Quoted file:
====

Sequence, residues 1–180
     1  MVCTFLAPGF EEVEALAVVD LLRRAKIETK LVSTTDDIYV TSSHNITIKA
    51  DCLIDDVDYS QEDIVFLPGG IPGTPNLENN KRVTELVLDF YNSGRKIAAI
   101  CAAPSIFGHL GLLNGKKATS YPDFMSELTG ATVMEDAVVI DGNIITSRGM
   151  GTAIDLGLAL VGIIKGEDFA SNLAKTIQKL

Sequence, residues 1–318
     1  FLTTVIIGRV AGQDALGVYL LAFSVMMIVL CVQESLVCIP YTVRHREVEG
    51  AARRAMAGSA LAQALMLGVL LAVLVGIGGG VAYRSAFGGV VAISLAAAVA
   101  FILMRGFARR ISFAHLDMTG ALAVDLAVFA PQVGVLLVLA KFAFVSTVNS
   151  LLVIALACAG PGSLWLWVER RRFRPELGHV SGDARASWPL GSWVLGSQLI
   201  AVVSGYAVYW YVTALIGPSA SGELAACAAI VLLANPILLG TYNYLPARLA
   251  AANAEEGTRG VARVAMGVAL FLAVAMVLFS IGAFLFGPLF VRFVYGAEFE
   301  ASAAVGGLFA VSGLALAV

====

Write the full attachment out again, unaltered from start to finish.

Sequence, residues 1–180
     1  MVCTFLAPGF EEVEALAVVD LLRRAKIETK LVSTTDDIYV TSSHNITIKA
    51  DCLIDDVDYS QEDIVFLPGG IPGTPNLENN KRVTELVLDF YNSGRKIAAI
   101  CAAPSIFGHL GLLNGKKATS YPDFMSELTG ATVMEDAVVI DGNIITSRGM
   151  GTAIDLGLAL VGIIKGEDFA SNLAKTIQKL

Sequence, residues 1–318
     1  FLTTVIIGRV AGQDALGVYL LAFSVMMIVL CVQESLVCIP YTVRHREVEG
    51  AARRAMAGSA LAQALMLGVL LAVLVGIGGG VAYRSAFGGV VAISLAAAVA
   101  FILMRGFARR ISFAHLDMTG ALAVDLAVFA PQVGVLLVLA KFAFVSTVNS
   151  LLVIALACAG PGSLWLWVER RRFRPELGHV SGDARASWPL GSWVLGSQLI
   201  AVVSGYAVYW YVTALIGPSA SGELAACAAI VLLANPILLG TYNYLPARLA
   251  AANAEEGTRG VARVAMGVAL FLAVAMVLFS IGAFLFGPLF VRFVYGAEFE
   301  ASAAVGGLFA VSGLALAV